Will Naples stage an election 'revolt'?
"Don't ask about taxes." The first words of greeting at my hotel in Naples' Piazza Garibaldi set the tone of my visit.
"Local tax, yes, you pay a local tax," says the receptionist. "Tax for this, tax for that, tax for everything. They are picking money from our pockets all the time - always another tax."
In a country where tax evasion is seen by many Italians (and perhaps even more Neapolitans) as a game played by the rich at the expense of the rest, this volley of fire for a welcome should not have been a surprise.
There is an air of fatigue in Italy's third city. It wafts over Naples in the scruffy streets, around the crumbling facades of once-magnificent buildings. And little wonder.
Unemployment sits uncomfortably above the national average here, as it has for so long. The municipal government is more than stretched - recently the buses stopped working because they couldn't pay for the fuel.
And few people seem to believe the promises accompanying this electoral campaign that things will get any better.
"People here don't trust politicians, it's a tradition," says Francesco Durante, a writer and commentator on Naples.
"We feel like we are a separate part of the country. We are a big city, all the best of Italy comes from here - pizza, song, love, the blue sky and the sea. But we feel abandoned."
He is not alone. On the seventh floor of an apartment block, live Emilia and Fabio Angelilo. Their living room wall is a gallery of framed qualifications, diplomas, degrees, MBAs - but Emilia, a microbiologist, is unable to find a part-time job.
Her husband has opted for self-employment as there is nothing in Naples for a software architect.
"I could work as a consultant and travel to Milan or Rome all the time for very little money. But it is not worth it. I know I won't get anything here. I am better trying to do something myself," he says.
For Emilia, the frustration is tempered by her twin five-year-old daughters.
"I am a Mum, I can be with the girls much more. But I think of all the years I spent in those books, learning, and it's all lost.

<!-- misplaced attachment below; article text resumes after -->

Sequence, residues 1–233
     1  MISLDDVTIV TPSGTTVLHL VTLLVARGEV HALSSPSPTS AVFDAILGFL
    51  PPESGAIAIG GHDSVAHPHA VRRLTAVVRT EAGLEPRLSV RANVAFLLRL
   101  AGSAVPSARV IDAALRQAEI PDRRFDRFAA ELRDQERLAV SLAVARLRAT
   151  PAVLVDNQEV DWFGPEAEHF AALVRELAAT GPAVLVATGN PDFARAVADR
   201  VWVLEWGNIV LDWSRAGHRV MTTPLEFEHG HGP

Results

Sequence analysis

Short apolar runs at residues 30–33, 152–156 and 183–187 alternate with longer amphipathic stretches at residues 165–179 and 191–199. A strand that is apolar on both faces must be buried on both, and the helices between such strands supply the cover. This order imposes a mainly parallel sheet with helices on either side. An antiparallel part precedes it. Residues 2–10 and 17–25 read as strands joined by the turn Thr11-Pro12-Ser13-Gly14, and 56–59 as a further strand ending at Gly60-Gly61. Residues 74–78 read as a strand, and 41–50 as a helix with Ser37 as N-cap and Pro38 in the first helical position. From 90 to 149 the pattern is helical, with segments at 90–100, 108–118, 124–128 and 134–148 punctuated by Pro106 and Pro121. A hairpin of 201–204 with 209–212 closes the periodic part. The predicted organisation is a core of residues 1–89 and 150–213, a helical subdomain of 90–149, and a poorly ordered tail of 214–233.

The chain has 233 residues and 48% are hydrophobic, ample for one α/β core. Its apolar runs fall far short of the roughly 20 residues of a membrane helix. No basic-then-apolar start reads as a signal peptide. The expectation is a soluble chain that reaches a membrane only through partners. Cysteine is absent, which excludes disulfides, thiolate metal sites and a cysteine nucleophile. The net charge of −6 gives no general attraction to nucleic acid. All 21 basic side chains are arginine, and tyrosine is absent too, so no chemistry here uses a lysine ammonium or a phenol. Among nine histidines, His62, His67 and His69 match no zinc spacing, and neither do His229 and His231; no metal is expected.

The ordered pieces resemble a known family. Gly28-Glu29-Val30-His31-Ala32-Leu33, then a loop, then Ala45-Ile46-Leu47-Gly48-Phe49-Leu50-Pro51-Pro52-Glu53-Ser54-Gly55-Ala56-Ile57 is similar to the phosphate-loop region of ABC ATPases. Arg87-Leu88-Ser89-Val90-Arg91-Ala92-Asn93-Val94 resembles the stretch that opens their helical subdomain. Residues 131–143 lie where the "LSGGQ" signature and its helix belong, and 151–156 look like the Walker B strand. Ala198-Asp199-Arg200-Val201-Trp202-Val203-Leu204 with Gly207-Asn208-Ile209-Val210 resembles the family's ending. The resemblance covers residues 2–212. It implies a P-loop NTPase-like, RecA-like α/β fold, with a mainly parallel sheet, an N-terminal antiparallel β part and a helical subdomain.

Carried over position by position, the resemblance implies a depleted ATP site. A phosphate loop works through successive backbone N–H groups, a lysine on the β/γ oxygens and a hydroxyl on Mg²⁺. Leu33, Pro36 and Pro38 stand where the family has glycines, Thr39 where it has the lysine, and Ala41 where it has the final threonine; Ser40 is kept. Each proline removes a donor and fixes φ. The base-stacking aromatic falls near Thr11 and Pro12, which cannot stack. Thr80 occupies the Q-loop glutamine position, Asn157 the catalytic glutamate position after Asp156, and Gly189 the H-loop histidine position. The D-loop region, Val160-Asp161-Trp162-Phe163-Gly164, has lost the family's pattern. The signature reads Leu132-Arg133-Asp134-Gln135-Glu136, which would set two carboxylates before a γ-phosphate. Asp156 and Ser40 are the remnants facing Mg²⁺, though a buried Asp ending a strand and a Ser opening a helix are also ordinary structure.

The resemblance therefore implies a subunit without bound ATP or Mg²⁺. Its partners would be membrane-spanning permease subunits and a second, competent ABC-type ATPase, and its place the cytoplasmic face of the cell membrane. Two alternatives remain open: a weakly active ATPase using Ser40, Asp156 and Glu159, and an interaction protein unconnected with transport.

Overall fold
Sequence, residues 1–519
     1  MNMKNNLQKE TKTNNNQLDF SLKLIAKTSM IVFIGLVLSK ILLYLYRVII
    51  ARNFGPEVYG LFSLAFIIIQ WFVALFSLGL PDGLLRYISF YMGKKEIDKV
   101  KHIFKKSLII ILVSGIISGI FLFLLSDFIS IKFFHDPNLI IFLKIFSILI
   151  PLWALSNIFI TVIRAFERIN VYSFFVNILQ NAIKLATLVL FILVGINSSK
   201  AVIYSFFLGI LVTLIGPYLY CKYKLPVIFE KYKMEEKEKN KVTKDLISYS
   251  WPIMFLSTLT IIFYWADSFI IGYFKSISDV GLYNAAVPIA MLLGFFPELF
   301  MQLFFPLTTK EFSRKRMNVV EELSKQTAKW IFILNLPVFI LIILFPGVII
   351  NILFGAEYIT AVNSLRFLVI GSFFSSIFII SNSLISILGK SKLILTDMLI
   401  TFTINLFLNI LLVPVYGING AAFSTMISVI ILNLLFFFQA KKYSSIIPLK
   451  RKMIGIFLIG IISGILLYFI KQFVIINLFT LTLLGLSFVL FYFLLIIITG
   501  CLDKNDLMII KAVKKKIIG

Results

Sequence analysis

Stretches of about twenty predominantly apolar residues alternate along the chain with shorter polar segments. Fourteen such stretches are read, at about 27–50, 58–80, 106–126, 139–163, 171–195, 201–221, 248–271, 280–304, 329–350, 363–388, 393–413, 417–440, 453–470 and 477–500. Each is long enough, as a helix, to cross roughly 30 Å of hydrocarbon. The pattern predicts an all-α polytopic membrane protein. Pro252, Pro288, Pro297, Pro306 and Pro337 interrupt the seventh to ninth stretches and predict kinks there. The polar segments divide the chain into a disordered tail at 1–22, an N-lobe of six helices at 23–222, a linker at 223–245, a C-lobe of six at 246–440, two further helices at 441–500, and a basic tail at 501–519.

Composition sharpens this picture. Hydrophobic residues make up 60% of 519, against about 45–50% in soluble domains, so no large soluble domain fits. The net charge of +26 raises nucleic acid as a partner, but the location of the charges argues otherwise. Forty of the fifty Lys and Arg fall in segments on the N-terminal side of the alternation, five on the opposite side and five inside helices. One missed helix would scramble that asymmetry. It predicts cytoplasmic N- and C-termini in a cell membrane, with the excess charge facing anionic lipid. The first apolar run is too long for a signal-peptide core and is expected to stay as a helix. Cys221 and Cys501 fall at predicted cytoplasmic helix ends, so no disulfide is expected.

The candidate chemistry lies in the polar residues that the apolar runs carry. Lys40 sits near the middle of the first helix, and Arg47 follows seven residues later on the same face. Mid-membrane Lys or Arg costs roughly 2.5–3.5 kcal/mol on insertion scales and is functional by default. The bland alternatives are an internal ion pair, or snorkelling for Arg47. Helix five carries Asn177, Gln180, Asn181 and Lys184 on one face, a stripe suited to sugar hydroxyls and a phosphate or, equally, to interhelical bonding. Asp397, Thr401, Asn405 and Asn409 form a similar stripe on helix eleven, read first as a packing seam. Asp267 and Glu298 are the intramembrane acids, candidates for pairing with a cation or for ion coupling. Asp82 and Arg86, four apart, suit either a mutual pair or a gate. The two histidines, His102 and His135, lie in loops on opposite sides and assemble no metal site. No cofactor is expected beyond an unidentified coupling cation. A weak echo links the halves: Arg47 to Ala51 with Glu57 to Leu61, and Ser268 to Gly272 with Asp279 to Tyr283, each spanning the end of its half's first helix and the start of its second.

"There is nothing here. I am of the Left, so I would like to see [Centre-left leader Pier Luigi] Bersani win the election. But if it is [former Prime Minister Silvio] Berlusconi, I think this is the start of the end."
However, not everyone in this city is struggling. If you walk briskly along the Riviera di Chiaia, you may well miss it, but Marinella's tie shop has stood there for 99 years.
Maurizio Marinella is a provider of ties to the rich and famous and countless statesmen including Bill Clinton, Boris Yeltsin, Jacques Delors, Francois Mitterrand, Helmut Kohl... and Silvio Berlusconi.
"Mr Berlusconi is our best customer, says Marinella. "They order from us 300 ties a month. But [Prime Minister Mario] Monti also has my tie.
"I would like to see Monti in government because he is serious. We need austerity, yes. But we also need development policies to help me hire young people to work for me. I can't find any. Monti is serious. And Mr Berlusconi - he is positive."
I ask Maurizio if his dream team would be Mr Monti and Mr Berlusconi sharing power.
He is too careful a businessman to provide a categoric answer. Instead he prefers to reveal the one common thread that binds the main political leaders in this election.
"Bersani, Monti, Berlusconi they all have one thing in common... my ties!" he says.
There is one leader who does not wear a Marinella tie - Beppe Grillo doesn't do ties.
The stand-up comedian who founded the Five Star Movement is the maverick in this campaign. And in a city which has been a far from faithful political mistress to any political party over the years, Naples could provide another platform for the movement which rejects all the other parties.
"This is not a city for revolutions," says Francesco Durante. "But it is good for revolt. And this is why the Five Star Movement could have success here, maybe as much as 20-25% of the vote.
"In any case, Grillo is the one who forces all the political parties now to have to take account of his lessons - don't waste public money; be transparent; don't say you will give taxes back; don't say vote for me and I will give you two million jobs. Those days must be over."
Naples matters in this election.
The region of Campania is one of the critical regions, after Lombardy and Sicily, in determining how parties fare in the Senate.
That is why the Democratic Party staged its final, sign-off rally in the Piazza Plebiscito. It lost the city to the centre-right in the last election and needs to win it back to maintain a realistic chance of forming the next government.
The turnout for the rally, though, did not have the leadership boiling over with excitement. But then what would you expect from a city which, frankly, is hardly overwhelmed at the prospect of another chance to have its say at the ballot box.